Famed film critic Roger Ebert dies at 70
Legendary film critic Roger Ebert passed away on April 4, two days after revealing that his cancer had returned. Ebert achieved iconic status after hosting film review shows such as Siskel and Ebert at the Movies and becoming the only film critic to win the Pulitzer Prize for Criticism. His reviews for the Chicago Sun-Times were syndicated nationwide and attracted millions of readers.
One of the things that Ebert taught us was the possibility of living an unstoppable life. His battle with thyroid and salivary gland cancer caused him to lose his voice and most of his jaw, but he never lost his conviction or his passion for life. He always followed through with his purpose and love for writing; as he told Esquire magazine, “[W]hen I am writing, my problems become invisible, and I am the same person I always was.”
For four decades, he garnered generations of loyal readers who grew up with him and his words. His honesty with himself allowed for his film criticism to be accessible to anyone who loved the movies while also being a unique form of artistic expression.
This year, however, was possibly his most prolific year of writing reviews. Shortly before his death, he declared a “leave of presence”: “Last year, I wrote the most of my career, including 306 movie reviews, a blog post or two a week, and assorted other articles,” he wrote on his blog on the Chicago Sun-Times website. “I must slow down now, which is why I’m taking what I like to call ‘a leave of presence.’ ” Instead, Ebert was going to review films he was truly passionate about. Sadly, we never got the chance to read more of his words.
Through Ebert, people did not only learn about movies, but also about love, life, fear, and strength. His words and his passion widened the experience of life through movies. Ebert helped people understand the truths that turn movies into universes full of wonder and awe.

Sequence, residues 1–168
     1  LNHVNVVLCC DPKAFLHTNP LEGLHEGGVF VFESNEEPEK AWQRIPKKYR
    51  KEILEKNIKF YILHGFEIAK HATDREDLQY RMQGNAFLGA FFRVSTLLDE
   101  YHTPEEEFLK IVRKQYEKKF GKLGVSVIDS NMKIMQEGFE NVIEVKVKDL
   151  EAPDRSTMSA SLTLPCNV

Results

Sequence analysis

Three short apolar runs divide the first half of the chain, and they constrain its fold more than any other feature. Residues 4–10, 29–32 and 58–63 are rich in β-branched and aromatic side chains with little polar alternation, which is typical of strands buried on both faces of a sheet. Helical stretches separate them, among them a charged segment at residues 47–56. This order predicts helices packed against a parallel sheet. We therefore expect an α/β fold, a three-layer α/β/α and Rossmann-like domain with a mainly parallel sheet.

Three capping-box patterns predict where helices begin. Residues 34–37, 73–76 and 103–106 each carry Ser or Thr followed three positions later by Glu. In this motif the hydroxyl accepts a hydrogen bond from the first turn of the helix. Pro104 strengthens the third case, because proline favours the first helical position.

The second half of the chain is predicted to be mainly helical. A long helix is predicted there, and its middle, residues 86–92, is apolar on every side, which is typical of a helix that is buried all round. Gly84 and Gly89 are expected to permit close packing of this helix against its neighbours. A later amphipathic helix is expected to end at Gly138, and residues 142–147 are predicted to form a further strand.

Because his criticism was accessible and open, readers could connect to what he had to say whether they agreed with him or not. He wasn’t a pretentious, highbrow critic who only loved European art films. He loved all kinds of film and was unfazed by mass opinion, following his gut and articulating his reviews in such a way that truly made him the most important film critic of his generation.
His explosive presence on Twitter also exhibited his voice not only on films, but about politics as well. His hilarious, politically incorrect tweets reflected a part of him that would never be slowed down or stopped by anyone or anything.
Ebert’s love for the movies helped readers understand them in a more passionate sense. Although he was never a filmmaker himself, the world of film will never be the same without him. He wasn’t merely a critic; he was a man whose love for life and imagination contributed to films in a way audience members never realized were possible.